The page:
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Discussion in 'Coop & Run - Design, Construction, & Maintenance' started by MikeTheGardener, Nov 23, 2015.
Do any of you add lighting to the coop during the winter months?
I use a light in my coop every year. It is not on a timer and is mostly for heat. I know a lot of people do use lights, but a lot of people don't as well!
I have a 40w light on a timer; on at 4 am, off at 7am, during the winter, to help with egg production. Some of us do, and some do not. Mary
I have a 40watt LED light on a timer that comes on at 4am to help keep egg production up. I also have the light on a timer to run the last hour before sunset. Gives the flock a heads up to get back to the coop in time
I am subject to -40º weather l live in Canada think North Pole. I have been keeping chickens and birds for decades.
Your best practice I find is to not be too concerned about winterizing or heating your coop to help your birds combat the cold.
Predator proofing "ABSOLUTELY".
Your efforts should be spent in winterizing your birds and letting them acclimatize to their surroundings.
This is done by feeding them whole corn if available or cracked corn as an added supplement in a separate feeder.
The extra nourishment is more then adequate to bring them through the
Do keep an eye open for birds that maybe not be adapting well to the new menu and may be at the lower end of the pecking order they can sometimes run into problems and may need extra TLC.
That being said in a perfect world the flock will flourish and do just fine .
I do not add any extra heat or lighting.
Egg production does slack off but I have more than enough eggs for the table all winter long (24 hens).
Some people may disagree with my method but it has worked well for me and I am not about to change.
I look at it in the same light as winterizing your car.
You really do
have to winterize your car if you can keep it in a controlled environment at all times otherwise you are in for
When it comes to lighting if you find you are short on eggs it does apparently help. I personally do not bother in my operation eggs are sold only to neighbours when they are available (if the sign is out I have eggs). Eggs in my operation have a tendency to crack and freeze during the winter months (we do not discard them and are fine but use them in house not for sale) the more eggs you produce during these months the more eggs will fall into this category.
I have roughly 24 Golden Comet hens the longest I ever been out of eggs can be measured in hours >12<24. You will find that the egg supply in any hen is a finite resource the quicker you milk the eggs out of a hen the faster it will be spent and end up in your stew pot.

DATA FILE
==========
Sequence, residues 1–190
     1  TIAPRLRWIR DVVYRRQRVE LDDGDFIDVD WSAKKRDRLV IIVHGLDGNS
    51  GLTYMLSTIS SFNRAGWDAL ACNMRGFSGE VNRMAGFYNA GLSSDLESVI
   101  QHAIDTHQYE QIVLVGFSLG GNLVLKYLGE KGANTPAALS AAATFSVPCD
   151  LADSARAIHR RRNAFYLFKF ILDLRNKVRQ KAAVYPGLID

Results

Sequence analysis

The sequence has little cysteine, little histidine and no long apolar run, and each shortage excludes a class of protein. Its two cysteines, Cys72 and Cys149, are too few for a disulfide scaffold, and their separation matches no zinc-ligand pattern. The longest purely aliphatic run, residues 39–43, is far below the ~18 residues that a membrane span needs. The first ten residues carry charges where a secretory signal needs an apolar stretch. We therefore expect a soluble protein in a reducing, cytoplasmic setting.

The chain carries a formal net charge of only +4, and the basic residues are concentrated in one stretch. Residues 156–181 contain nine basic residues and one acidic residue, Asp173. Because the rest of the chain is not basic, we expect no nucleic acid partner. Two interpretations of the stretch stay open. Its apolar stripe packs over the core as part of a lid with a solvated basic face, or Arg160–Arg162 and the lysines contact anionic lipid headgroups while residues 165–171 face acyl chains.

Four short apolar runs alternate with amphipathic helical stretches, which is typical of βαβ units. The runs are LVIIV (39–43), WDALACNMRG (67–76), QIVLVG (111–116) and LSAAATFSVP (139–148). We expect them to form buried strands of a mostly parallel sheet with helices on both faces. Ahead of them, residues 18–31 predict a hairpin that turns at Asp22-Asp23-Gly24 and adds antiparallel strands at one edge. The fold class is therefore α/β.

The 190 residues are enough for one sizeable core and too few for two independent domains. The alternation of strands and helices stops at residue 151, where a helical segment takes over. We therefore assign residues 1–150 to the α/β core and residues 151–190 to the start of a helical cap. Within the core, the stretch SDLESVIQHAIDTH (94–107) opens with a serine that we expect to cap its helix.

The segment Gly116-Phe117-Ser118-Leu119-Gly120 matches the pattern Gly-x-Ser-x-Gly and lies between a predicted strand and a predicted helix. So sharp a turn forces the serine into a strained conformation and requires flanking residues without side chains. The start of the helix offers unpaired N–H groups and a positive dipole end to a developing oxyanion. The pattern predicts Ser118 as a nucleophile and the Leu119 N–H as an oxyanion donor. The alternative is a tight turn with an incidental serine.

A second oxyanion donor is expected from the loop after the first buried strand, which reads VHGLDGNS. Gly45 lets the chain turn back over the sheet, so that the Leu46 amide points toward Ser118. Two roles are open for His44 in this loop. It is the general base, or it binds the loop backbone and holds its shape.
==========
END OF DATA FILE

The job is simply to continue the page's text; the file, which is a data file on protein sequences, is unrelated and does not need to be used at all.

On average one hen produces somewhere between 600 to 700 eggs in its life time. Lighting only effect the speed of delivery of the eggs which at the end of the day would amount to less than a year in the hens life is my guess
If you do decide extra lighting is necessary have your light on a timer to lengthen the day "MAKE SURE IT IS SECURED BY 2 MEANS OF SUPPORT" one being a "SAFETY CHAIN" in case one fails especially if it is an incandescent bulb or heat lamp.
I personally raise hens as a hobby; and for their manure to enrich my vegetable garden any thing else the hens provide is merely a bonus.
Here is one BONUS NOW not many people can enjoy seeing in their back yard on a regular basis.
In my nest boxes I fold a feed bag to fit (nest boxes are 1 ft³). When a bag gets soiled; fold a new one; pop out the soiled; pop in the new. Feed bags are a nylon mesh bag.
Frozen poop just peels off in below freezing temperatures and just flakes off in summer when left out in the sun to bake and dry.
I have 65 trips around the sun it is the best method I have stumbled upon.
Make sure the twine is removed from the open end of the bag it can get tangled around your birds.
My birds are just about at the laying age. They are huge and happy, very well fed.
But since the days are shorter, and I'd like them to start producing, I put a light in their coop, and will run it until about 10pm each night, giving them about 15 hours of light. I don't know if it will work. I've had flocks before, but never tried it.
It surely can't hurt.
I also set up a table with some cards and poker chips so they have something to do while they stay up a little later at night.
When I got up this morning, one of them had just one card short of a royal flush!
It's really better to have the light on at 4 am, and off at daylight, rather than evening. They need the gradual darkening to come in , eat, and roost before total darkness. Mary
I considered that, but being on solar, and usually running the generator at night for light and TV, I figured being in AZ where the night lasts longer in the summer, they won't sense the difference.
I guess I'll see. It seems to me 15 hours of light, is 15 hours. Plants don't care so much, so I'm hoping they won't either.